After 18 years as partners, the Jewish Journal of Greater Los Angeles and the Jewish Federation are parting ways. The weekly's current issue announces — in what seems a carefully worded story — that as of January 1, the Federation will stop buying 20,000 subscriptions. Cost-cutting is blamed for ending the financial support, but the story also suggests that the paper will feel more able to report independently on the major organization in the local Jewish community.
The Journal will become one of only a handful of Jewish papers nationwide neither owned by nor selling thousands of subscriptions to federations, said Neil Rubin, senior editor of the Baltimore Jewish Times and former president of the American Jewish Press Association. He estimated that about 85 percent of Jewish papers have formal financial ties with the philanthropic bodies...such arrangements help keep some publications afloat by guaranteeing paid circulation, he said.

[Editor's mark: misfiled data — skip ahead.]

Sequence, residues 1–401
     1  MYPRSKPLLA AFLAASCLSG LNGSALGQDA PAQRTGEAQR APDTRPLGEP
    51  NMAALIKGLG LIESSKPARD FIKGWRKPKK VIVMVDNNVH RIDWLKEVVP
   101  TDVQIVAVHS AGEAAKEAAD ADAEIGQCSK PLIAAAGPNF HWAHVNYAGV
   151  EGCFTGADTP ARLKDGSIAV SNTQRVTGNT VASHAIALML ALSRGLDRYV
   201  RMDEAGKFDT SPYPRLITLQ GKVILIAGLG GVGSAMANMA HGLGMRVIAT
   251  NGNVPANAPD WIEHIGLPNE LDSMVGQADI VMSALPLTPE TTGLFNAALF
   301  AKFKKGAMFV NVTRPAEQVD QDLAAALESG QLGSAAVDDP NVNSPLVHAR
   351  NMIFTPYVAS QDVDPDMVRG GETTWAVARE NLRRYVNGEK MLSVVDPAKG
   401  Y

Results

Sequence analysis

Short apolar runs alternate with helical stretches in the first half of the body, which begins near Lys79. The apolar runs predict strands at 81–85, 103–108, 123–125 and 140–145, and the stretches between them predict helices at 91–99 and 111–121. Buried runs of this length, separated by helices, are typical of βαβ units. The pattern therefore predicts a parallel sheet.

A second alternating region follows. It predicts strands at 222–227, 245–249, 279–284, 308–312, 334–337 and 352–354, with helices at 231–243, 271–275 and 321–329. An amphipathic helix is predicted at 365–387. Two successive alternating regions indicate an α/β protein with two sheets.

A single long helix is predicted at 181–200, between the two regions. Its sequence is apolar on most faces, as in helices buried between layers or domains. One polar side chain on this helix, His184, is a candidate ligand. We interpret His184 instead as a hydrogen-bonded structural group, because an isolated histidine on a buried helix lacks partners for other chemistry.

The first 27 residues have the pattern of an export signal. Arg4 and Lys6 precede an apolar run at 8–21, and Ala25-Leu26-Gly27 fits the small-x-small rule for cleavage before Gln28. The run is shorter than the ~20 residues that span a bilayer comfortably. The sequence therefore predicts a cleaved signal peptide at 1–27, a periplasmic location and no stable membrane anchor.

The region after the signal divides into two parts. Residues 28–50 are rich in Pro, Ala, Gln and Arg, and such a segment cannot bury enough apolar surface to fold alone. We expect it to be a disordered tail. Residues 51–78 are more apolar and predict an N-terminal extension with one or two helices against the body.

However, Rubin said at the very least these relationships create the appearance of conflicts of interest. With federation papers, "youíre not really doing journalism. Youíre self-censoring or youíre being censured, which isnít healthy for the Jewish community," said Rubin, whose Baltimore Jewish Times is independent.
Relations between the Los Angeles Federation and Journal occasionally became frosty after stories critical of the organization ran in the paper. Both Federation President John Fishel and Journal Editor [Rob] Eshman deny these occasional conflicts played any role in the impending separation.
The paper will be distributed free throughout the region, with optional by-mail subscriptions. The story says that weekly circulation will be increased to 110,000 and notes that new writers and editions have been added in Orange County and Conejo Valley. Also, an in-house Web director is revamping the website.